Directly Speaking - The Other Side of Addictions

by Scott A. Meyers, Executive Vice President
February 13, 2015

The UIC Student Chapter of ICHP is working on putting a panel together to talk about addiction and substance abuse in pharmacy and health care. It is a laudable undertaking and a topic that many pharmacy directors and managers have to deal with, often more than once in their careers.

It’s been 16 years since I have worked in a hospital pharmacy but in my 22+ years in the trenches, I have worked with more than a half dozen pharmacists who we eventually found were impaired pharmacists and whose addictions cost them as little as a reprimand to as much as their lives! I have had several other pharmacist friends who I knew but didn’t work with whose careers and in one case whose life were impacted in the same way.

Substance abuse and the addiction that can follow are common in all walks of life and are no more rare in health care than anywhere else.¹ Every third Friday night after I close the door at ICHP, I go to my part-time job (for no pay) as a security guard at our Church’s Celebrate Recovery (CR). As a volunteer, it’s my responsibility to make sure the Church and the people who attend this weekly event stay safe. Whether it is to monitor the behavior of an attendee who appears to be under the influence, provide first aid and call for an ambulance in a medical emergency or insure that the kids who are present at Celebration Station (program for 5 year olds to 5th graders) go home with the right parents. But at these Friday evening meetings, I also get to meet and hear stories from some of the nicest people and at one time, biggest drug addicts or alcoholics you can imagine. I can thankfully say many of these people are now my friends and they have taught me a lot about the other side of addictions.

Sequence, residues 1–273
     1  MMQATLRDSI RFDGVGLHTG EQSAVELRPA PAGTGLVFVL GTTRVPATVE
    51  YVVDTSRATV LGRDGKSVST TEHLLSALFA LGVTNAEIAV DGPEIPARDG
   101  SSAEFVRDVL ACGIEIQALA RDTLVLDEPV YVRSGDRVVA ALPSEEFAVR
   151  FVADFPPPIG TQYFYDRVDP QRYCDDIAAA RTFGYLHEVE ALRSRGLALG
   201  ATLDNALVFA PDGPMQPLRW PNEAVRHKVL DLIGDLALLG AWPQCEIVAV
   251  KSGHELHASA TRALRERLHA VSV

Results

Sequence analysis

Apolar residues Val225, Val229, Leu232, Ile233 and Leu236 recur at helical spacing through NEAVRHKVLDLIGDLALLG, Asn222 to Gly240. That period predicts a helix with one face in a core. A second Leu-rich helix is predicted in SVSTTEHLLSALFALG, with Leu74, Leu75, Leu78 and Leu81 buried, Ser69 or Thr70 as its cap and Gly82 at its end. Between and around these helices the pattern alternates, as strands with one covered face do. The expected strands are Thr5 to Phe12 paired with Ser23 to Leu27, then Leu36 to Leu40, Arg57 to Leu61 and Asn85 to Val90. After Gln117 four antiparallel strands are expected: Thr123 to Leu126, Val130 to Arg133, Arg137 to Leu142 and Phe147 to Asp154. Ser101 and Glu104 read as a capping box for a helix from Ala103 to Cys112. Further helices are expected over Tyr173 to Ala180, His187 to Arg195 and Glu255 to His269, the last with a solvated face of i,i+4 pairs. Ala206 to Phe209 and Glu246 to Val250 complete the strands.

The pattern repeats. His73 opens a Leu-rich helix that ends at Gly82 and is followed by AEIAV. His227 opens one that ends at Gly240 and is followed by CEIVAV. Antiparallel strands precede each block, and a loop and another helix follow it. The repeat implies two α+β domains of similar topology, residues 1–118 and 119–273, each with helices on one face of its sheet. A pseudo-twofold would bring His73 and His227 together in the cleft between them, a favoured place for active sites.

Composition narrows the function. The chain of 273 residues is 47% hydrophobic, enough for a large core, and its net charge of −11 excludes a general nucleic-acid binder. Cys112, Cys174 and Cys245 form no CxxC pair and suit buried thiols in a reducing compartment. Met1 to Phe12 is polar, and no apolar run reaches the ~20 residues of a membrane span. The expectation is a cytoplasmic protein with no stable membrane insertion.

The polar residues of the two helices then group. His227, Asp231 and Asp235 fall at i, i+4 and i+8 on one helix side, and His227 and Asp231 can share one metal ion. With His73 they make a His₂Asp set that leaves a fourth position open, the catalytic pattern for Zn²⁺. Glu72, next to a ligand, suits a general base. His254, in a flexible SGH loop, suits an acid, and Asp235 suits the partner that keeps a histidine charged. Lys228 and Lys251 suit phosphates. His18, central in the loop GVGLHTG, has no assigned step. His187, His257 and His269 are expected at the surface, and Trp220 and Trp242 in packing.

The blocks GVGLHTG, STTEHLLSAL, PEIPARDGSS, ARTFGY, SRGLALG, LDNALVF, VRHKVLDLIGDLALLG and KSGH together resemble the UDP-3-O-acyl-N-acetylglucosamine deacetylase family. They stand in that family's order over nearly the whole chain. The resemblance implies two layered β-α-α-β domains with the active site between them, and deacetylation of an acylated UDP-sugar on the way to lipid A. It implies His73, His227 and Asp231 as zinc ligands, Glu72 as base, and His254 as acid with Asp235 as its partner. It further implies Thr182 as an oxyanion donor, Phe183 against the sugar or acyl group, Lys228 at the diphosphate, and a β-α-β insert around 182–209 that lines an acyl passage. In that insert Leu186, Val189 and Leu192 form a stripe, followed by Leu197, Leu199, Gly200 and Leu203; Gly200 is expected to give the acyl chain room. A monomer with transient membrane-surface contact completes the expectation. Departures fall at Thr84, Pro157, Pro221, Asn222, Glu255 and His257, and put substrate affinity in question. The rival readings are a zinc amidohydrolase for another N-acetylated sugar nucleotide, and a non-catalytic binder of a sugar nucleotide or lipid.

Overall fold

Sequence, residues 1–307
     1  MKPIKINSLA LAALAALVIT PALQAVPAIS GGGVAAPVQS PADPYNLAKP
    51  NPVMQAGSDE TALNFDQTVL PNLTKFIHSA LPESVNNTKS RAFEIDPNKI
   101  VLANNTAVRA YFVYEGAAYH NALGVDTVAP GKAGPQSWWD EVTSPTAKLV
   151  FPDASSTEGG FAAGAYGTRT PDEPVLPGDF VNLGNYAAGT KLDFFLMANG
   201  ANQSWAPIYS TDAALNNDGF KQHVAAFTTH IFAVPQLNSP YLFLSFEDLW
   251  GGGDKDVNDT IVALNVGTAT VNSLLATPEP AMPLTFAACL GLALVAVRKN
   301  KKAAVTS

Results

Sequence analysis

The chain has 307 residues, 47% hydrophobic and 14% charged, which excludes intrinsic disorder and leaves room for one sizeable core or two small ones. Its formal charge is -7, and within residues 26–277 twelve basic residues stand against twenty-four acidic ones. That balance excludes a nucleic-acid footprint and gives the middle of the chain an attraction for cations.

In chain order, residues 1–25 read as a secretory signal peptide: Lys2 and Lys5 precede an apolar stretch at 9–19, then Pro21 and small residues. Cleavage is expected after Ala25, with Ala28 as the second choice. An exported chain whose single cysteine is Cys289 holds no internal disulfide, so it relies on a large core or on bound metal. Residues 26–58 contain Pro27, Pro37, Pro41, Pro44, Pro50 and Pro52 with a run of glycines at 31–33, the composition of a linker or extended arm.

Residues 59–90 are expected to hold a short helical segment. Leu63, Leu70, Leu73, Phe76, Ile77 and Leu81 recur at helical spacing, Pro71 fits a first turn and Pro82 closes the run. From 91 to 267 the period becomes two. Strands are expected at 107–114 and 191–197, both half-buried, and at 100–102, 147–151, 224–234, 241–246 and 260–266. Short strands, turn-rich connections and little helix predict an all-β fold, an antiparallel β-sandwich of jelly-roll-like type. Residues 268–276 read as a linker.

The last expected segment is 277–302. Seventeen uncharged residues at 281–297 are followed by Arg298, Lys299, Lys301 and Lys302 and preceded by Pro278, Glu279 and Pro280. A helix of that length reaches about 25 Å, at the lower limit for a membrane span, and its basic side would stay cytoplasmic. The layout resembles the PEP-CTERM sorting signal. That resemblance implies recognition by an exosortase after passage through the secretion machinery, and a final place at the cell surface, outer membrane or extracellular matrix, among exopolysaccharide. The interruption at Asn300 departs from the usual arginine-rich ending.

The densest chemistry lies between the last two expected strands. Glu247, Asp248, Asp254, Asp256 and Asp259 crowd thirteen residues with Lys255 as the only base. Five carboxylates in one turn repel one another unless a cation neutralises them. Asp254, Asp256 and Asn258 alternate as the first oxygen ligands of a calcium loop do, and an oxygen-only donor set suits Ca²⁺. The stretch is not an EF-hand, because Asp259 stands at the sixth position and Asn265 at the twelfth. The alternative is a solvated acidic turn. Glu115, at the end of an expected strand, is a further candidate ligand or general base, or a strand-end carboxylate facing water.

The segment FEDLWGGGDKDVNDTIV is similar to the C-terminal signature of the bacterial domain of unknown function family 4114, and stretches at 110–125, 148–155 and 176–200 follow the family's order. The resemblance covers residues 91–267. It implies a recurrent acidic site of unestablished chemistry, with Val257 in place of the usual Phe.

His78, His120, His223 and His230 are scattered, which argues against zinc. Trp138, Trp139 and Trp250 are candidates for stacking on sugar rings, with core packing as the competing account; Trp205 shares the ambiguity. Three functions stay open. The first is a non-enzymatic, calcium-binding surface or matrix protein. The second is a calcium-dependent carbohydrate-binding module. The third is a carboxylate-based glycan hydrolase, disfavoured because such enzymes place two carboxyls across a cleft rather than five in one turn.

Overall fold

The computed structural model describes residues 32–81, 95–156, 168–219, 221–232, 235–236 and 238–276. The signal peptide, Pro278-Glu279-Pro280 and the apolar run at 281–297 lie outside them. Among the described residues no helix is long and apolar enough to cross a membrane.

I’ve learned a lot from these friends and their stories and perhaps the most important is that no one ever plans to become an addict or alcoholic! It’s not a life goal on their bucket list. Few see the process taking place until it is often way too far along. But of those who have come through the addiction and are in recovery, you find amazingly kind and giving people. They are people who continue to give back to the community they live in and often times the professions they came from.

If you are a veteran pharmacist, you’ve probably seen a few drug and alcohol issues with fellow employees. If you are a new graduate, hopefully you haven’t run into this yet, but surely you will. If you did or when you do it might happen like this: You work with someone who smells of alcohol at the beginning of a shift one day and it takes you by surprise the first time it happens. But then every time you work with them after that you’re quick to sniff to see if they need to have their work double checked or more importantly an intervention with the hospital’s Employee Assistance Program (EAP). It’s harder to spot the drug user because there’s no telltale smell to give them away, but sooner or later their impairment becomes significant enough that you know there’s something wrong and they need help too. They move more slowly or have trouble concentrating. They don’t finish one task before starting another.

Impaired pharmacy employees create significant strain on the rest of the department staff. Some of the staff feel they need to follow the impaired individual around and double check everything they do. Other less sympathetic employees will complain to each other that the impaired employee isn’t carrying their share of the workload. And many pharmacy employees are afraid to confront the impaired employee or even report them to the pharmacy administration because they don’t want to cause problems. The problem is that an impaired pharmacy employee is a safety problem that should be dealt with quickly and fairly.